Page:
“The security forces created a vacuum, nobody was there, and the Taliban threatened them,” says Israr Khan, the president of the Awakened Youth Association, a political awareness group focused on creating peace.
Early analyses of the final results show that the Hazara community may have snagged a share of the lower house that represents as much as double their actual proportion of the population.
In Ghazni, the last remaining constituency to be counted, preliminary results indicated that all 11 seats went to Hazara candidates, even though the province has a slim majority of Pashtuns with significant Hazara and Tajik minorities. Officials estimate it will be another week before they have official results due to the closure of numerous other polling stations, as well as other election-day irregularities, such as one district that only counted three votes.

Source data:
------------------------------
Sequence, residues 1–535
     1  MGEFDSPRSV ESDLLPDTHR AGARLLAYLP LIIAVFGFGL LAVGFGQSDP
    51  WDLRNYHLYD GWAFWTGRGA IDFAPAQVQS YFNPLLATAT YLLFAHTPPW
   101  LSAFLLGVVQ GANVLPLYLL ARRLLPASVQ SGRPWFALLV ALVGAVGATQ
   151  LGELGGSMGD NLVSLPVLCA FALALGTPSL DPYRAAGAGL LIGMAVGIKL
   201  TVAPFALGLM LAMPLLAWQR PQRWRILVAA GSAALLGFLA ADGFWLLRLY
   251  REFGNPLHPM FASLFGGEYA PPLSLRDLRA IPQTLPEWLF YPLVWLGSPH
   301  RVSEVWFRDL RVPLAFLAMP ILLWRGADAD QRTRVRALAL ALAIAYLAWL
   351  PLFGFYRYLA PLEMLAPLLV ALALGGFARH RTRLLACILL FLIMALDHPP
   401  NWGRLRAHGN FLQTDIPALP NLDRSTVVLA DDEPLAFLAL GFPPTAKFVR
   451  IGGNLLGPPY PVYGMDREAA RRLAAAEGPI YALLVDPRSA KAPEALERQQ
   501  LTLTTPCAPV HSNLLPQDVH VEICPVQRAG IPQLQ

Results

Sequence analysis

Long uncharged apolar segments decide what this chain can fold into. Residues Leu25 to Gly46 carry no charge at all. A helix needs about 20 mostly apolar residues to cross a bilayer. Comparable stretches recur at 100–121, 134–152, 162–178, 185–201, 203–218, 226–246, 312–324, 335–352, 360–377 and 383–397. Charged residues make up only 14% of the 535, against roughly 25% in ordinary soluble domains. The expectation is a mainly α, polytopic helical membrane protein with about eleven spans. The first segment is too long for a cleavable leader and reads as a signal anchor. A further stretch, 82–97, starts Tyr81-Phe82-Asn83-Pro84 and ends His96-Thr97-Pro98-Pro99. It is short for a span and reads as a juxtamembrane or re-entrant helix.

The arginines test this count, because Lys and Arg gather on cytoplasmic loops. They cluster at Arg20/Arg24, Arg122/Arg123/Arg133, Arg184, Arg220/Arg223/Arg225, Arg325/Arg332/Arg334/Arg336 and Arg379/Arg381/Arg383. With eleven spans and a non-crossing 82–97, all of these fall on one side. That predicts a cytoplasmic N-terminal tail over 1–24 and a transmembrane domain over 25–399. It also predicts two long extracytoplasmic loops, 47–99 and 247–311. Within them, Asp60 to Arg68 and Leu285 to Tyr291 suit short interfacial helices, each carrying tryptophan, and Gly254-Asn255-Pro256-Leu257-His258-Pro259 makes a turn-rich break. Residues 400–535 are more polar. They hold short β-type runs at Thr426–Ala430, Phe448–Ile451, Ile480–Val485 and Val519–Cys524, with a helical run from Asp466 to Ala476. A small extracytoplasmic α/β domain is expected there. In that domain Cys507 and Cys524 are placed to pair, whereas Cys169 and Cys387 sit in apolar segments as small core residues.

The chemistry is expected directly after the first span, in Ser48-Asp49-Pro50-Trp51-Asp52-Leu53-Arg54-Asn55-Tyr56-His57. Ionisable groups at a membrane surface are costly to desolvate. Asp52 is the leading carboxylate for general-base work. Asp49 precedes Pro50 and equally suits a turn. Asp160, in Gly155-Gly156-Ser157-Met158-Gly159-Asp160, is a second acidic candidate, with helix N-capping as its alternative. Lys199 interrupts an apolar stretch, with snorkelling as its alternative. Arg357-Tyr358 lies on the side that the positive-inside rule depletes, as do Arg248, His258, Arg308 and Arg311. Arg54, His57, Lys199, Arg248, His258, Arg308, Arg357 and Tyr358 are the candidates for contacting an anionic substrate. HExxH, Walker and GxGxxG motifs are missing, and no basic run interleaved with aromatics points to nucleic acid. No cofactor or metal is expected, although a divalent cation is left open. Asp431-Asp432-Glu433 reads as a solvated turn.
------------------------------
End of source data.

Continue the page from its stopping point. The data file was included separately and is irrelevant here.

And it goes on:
Wardak province also saw a surge in Hazara representation. Though the region is predominately home to Pashtuns, three of the five seats went to Hazaras.
All this is a serious concern for many of the country’s Pashtuns, who allege that they are now underrepresented, especially in Wardak and Ghazni.
The Hazaras’ victory, however, is unlikely to spark ethnic strife. Instead, it may cast further doubt on the fairness and representativeness of the elections. Ethnically imbalanced results suggest to some Afghans a process that was either not truly democratic or, at worst, rigged.